Avoiding Cultural Misunderstandings: Tips and Tricks for PEO CTOS

Jul 13, 2010 | Publisher: xmeteorite | Category: Technology |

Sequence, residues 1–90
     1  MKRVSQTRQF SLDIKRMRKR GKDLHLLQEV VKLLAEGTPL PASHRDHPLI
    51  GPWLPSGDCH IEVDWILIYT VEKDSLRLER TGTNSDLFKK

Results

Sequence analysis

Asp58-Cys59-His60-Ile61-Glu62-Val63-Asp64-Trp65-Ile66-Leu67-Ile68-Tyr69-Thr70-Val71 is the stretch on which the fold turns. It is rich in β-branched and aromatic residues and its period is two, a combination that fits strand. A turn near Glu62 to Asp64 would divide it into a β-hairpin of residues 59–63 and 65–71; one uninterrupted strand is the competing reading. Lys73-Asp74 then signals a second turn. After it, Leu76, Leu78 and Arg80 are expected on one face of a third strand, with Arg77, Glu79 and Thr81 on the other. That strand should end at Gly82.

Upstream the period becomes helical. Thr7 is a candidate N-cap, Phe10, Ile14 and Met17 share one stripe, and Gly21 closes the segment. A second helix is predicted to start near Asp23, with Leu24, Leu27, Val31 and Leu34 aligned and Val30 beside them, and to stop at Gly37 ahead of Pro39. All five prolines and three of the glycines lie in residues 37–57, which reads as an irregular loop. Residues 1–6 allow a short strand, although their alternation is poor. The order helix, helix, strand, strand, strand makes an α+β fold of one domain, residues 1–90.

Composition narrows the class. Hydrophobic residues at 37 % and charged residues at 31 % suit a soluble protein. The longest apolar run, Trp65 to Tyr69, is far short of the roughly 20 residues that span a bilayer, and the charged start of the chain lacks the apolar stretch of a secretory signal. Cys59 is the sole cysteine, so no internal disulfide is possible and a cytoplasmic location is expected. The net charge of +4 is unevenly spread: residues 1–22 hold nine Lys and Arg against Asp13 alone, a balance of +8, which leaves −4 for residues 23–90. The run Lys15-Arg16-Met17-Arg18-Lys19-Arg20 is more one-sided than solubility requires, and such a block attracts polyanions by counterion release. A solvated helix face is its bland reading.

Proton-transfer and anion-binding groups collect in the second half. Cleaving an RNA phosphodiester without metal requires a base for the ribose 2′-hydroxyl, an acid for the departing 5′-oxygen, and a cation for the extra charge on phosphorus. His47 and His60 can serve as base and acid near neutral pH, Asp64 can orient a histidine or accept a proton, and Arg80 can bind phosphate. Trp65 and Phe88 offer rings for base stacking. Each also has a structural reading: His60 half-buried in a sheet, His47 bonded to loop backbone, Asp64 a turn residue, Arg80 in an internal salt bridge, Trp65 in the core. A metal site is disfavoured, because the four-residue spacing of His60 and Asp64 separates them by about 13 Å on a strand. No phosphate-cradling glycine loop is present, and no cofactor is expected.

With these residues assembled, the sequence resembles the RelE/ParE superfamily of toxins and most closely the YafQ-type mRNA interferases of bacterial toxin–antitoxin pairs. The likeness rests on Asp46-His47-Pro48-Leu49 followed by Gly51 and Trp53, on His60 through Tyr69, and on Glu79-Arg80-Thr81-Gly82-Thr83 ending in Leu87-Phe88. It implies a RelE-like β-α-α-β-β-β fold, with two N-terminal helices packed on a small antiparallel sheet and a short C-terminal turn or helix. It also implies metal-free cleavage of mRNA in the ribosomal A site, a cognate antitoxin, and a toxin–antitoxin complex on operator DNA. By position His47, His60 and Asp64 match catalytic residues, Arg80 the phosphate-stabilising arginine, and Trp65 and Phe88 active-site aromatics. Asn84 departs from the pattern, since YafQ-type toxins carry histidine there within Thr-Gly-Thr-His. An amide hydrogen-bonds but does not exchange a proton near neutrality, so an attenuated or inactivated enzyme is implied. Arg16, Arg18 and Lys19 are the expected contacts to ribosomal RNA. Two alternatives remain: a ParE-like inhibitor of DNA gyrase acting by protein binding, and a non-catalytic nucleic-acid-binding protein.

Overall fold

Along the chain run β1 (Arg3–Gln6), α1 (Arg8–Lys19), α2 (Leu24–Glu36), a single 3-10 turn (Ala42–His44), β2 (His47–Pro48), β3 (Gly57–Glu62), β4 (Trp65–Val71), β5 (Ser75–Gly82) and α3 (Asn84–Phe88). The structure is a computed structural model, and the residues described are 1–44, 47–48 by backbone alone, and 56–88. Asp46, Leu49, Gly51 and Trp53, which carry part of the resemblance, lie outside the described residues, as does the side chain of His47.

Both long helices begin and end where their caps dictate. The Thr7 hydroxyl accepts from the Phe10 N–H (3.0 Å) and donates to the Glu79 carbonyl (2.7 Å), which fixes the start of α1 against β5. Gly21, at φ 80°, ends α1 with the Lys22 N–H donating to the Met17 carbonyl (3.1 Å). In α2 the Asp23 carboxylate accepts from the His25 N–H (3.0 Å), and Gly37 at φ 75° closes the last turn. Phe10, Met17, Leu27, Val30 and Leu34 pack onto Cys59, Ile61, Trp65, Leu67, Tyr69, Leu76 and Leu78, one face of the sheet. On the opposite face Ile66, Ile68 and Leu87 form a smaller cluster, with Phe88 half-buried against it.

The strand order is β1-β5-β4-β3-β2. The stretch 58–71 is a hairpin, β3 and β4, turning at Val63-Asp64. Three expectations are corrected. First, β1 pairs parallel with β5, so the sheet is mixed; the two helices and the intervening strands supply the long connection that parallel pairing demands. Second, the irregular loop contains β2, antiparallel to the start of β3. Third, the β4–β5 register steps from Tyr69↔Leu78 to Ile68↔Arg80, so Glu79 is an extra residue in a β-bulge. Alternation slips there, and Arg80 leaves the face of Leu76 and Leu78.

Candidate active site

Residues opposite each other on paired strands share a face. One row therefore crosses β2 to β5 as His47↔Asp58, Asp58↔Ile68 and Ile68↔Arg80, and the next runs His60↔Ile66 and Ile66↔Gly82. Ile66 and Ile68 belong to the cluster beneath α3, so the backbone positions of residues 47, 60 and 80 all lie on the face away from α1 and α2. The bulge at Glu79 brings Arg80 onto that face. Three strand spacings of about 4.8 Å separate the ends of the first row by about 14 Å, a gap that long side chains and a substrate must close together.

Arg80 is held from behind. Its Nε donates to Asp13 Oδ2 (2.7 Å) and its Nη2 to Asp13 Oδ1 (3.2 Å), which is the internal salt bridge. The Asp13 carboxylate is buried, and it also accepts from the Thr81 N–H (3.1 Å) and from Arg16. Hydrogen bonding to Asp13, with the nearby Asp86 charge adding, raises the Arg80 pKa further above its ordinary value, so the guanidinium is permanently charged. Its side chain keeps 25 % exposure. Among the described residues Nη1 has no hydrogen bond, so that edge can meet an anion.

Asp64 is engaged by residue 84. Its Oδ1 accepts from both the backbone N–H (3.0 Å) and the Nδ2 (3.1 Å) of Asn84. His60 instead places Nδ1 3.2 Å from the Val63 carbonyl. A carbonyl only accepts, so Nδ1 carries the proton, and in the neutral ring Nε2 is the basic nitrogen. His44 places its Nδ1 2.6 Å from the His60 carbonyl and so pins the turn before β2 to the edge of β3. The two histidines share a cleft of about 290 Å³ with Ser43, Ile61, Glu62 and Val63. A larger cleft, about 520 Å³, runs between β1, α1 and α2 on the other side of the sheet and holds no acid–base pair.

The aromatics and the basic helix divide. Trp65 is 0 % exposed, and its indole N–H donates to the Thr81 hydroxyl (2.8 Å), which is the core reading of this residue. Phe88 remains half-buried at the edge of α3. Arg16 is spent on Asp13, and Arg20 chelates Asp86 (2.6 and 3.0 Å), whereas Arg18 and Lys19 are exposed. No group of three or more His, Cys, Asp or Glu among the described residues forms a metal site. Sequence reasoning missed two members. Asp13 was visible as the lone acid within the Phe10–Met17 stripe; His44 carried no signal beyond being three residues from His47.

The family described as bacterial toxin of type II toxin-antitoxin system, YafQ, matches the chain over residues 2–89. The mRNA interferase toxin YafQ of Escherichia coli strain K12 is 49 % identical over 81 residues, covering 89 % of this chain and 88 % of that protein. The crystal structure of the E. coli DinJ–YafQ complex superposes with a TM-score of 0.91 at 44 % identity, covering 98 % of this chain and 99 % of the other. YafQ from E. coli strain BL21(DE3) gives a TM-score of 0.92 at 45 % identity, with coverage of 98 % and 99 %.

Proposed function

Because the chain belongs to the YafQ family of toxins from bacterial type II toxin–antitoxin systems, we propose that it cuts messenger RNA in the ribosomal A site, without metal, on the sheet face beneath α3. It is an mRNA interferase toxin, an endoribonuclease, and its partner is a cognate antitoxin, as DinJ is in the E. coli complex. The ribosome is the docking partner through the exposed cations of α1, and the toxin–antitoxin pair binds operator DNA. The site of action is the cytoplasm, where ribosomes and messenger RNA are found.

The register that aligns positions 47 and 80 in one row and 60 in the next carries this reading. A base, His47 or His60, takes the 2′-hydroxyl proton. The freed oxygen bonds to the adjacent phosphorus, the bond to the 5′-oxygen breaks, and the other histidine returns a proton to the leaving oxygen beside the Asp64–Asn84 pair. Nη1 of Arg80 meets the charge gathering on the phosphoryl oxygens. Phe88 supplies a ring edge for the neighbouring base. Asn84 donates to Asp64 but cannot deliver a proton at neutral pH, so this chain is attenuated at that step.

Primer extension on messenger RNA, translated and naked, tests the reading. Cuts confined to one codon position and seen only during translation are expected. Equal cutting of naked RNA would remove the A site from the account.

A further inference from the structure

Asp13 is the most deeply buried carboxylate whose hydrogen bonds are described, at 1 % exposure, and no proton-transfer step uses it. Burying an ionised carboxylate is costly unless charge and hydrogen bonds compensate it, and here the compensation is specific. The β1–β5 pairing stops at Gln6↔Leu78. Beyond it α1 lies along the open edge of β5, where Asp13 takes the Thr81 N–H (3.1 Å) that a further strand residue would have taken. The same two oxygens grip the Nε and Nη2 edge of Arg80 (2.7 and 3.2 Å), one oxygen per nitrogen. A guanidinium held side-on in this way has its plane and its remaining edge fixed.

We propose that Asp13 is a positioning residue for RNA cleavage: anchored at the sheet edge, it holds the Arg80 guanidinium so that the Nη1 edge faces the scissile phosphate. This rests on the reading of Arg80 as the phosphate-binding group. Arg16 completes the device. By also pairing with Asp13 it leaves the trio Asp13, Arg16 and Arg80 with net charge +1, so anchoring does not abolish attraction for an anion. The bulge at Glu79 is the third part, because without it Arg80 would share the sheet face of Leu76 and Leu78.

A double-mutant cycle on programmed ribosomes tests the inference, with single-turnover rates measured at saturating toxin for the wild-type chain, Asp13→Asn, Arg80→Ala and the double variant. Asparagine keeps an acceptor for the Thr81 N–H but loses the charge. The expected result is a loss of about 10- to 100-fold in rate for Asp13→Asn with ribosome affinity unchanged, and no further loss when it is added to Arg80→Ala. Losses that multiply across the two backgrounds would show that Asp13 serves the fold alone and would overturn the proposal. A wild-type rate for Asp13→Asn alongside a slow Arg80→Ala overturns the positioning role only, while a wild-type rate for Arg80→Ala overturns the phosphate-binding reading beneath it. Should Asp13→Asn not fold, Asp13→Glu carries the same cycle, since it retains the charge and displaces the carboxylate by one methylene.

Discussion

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© 2007 Xoriant Corporation info@xoriant.com 408.743.4400 Author: Girish Gaitonde, CEO, Xoriant Corporation Contact: girish.gaitonde@xoriant.com Avoiding Cultural Misunderstandings: Tips and Tricks for PEO CTOS Avoiding Cultural Misunderstandings: Tips and Tricks for PEO CTOS 2 © 2007 Xoriant Corporation info@xoriant.com 408.743.4400 A report from the Deloitte Consulting estimated that 70% of the companies that have engaged in outsourcing identified cost efficiency as their main reason for outsourcing. However, additional Deloitte Consulting also found that around 66% of outsourcing projects fail the expectations or needs of the clients and the rate of buyers cutting the engagement short is as high as 78%. This data shows the difference in the viewpoint of the client and the vendor which eventually leads to the failure or premature termination of the project. It’s a Marriage of Two Companies Outsourcing is a marriage of two companies. Like marriage, both parties have differences that will affect the growth of the relationship, in this case, the development of the project. According to the Director of Organizational Development of Siemens Business Services and founder of global multicultural IT service providers, Joe Santana, a good foundation will spell the difference between the success and failure of this partnership. According to Santana, at least one member from buyer should be a native or a local of the area. This person should be well versed with the culture and language so that he can act diplomat. Without this person, Santana adds, you may run the risk of being counterproductive by saying the wrong words or doing something culturally offensive to the vendor team. Santana cites “right away”, which in some culture means on the same day while on some cultures may mean several days or more. Second is the need to create programs that will promote cultural awareness and sensitivity in both parties. According to Santana, this investment shall pay off in the long run since it shall provide the team with the necessary openness and perspective. This will provide everybody with cultural sensitivity which shall enable them to work in a more tolerant and harmonious way. It will also give each member insight into each other’s thoughts and reactions that are essential in teamwork. Here Santana cites eye contact as an example since in some cultures establishing eye contact with a person of authority is considered vulgar; while in some culture not making eye contact is vied as sign of dishonesty. Santana emphasized that promoting cultural sensitivity and awareness is particularly crucial to the success of the Avoiding Cultural Misunderstandings: Tips and Tricks for PEO CTOS 3 © 2007 Xoriant Corporation info@xoriant.com 408.743.4400 project. He cites another case wherein in the United States an engineer will tell the boss the truth if a project is not feasible; but in another culture, the engineer will be forced to simply delay and fail to deliver the project just because it is rude to say, especially to the person of authority, that it cannot be done. Third, Santana stressed the importance of using electronic tools such as LiveMeeting or WebEx to enable meetings wherein all can share data, handouts, slides and important details as if they were actually all in the same room. Aside from such electronic tools, video is another important help in establishing effective communication. Studies have shown that face-to-face communication helps in establishing better understanding. The use of video will help bridge cultural and language barriers among the members of the team. Lastly, Santana reminded that a company engaging in offshore outsourcing should make the necessary allowance for travel. For the management to be effective traveling is pertinent. It is very unrealistic for a company to assume that they can accomplish the project by depending solely on technology for communication. It is important to visit the project and see it than to depend on reports of the team. Tips on How to Avoid Cultural Misunderstanding Open Communication, Use Carefully Worded English and Use Video Presentations Leonard Lobel, one of the consultants of Twentysix New York (a Microsoft solutions provider), gave several interesting and informative ways on how to avoid cultural misunderstanding in his article Engineering Success Offshore Best Practices for Ensuring a Productive Outsourcing Experience. According to Lobel outsourcing from an offshore company is definitely risky. For one there is the issue of poor collaboration. This may be a result of geography, different language and cultural differences. However, these things can be overcome according to Lobel. First, the team should establish a way in which the flow of communication is open and constant. Project planning and proper documentation of everything should be cleared on 1 Avoiding Cultural Misunderstandings: Tips and Tricks for PEO CTOS 4 © 2007 Xoriant Corporation info@xoriant.com 408.743.4400 the both sides of the project. A clear and definitive process for tracking and testing of the project should be established early on and should be followed on schedule. Most importantly, members of the team should have an effective way of being connected since verbal communication is the most vital part of ensuring the success of the project. The difference in time zone makes this difficult to follow so the team should establish a specified time daily for phone conferences that should be supported by LiveMeeting sessions. Daily phone conferences should held at least thirty minutes so that all aspects and development of the project can be covered. Cultural differences stems mostly from language differences. In most cases, fluency in English and accents varies. The best way to eliminate any misunderstanding due to language gap is to avoid using slang and metaphor in verbal and written communications. Use carefully worded English at all times and clearly enunciate the words when having verbal discourses. Most important of all, make sure that the contractor is able to get his message across. You can do this by soliciting his confirmation. Remember, if you are not sure about what he is saying or feel that he is not sure about what you are saying then there is a definite miscommunication. Sometimes even with an open communication and with all the efforts in overcoming the language barriers it is not enough to show concrete ideas or models. The best way then is to use video as form of presentation or demonstration. This will enable the offshore team to see the video and then you all can discuss it during conference call. Be Specific, Know What You Want Outsourcing consultant Steve Mezak in his article How to Outsource Research Needed to Create Software and Get it Right identified an interesting points on how to overcome cultural barriers. Although the article is not on cultural differences he identified one of the ways to overcome cultural barriers and that is to be specific. According to Mezak, the only 2 Avoiding Cultural Misunderstandings: Tips and Tricks for PEO CTOS 5 © 2007 Xoriant Corporation info@xoriant.com 408.743.4400 way for the team to have a definite and concrete plan for the project is if it is specific. Thus it is important to be specific and know exactly what your end result should be. In case you are not sure, it is best to do a research before the software development begins. Tricks on How to Overcome Cultural Barriers Overcoming cultural barriers is just a matter of establishing the right foundation. Yakov Fain, author of many JAVA books and Managing Principal of Farata Systems, in his Ten Tips on Dealing with Offshore Software Developers identifies several ways of overcoming cultural barriers when engaging in offshore outsourcing. First the buyer should build your their team and not accept pre-staffed offshore team. Overcoming cultural misunderstanding is hard enough already so it is important that the buyer build his own team. This way he can select members of the team whom he feel comfortable with and whom he feel can deliver the job. Second, there should be same interview for everyone. The buyer should standardize the interview and make sure that he gives the same interview to the local team as what he gives to the home based applicants. This will ensure that the team will meet the company’s requirements. Third, the management team should remember that it’s not the time to be lenient. There should be an evaluation of everyone on the first two weeks. Then the management should let go of the offshore member who cannot deliver and whom they have a hard time communicating with. This will save more money and time for the company. The buyer should also remember to use different team for different projects. The company should hire team based on the project and avoid hiring team just because they have delivered before. The technical skills of the team should be the main consideration. Despite the fact that the previously hired team’s track performance assured good teamwork, it is useless if they do not meet the technical skills needed for the project.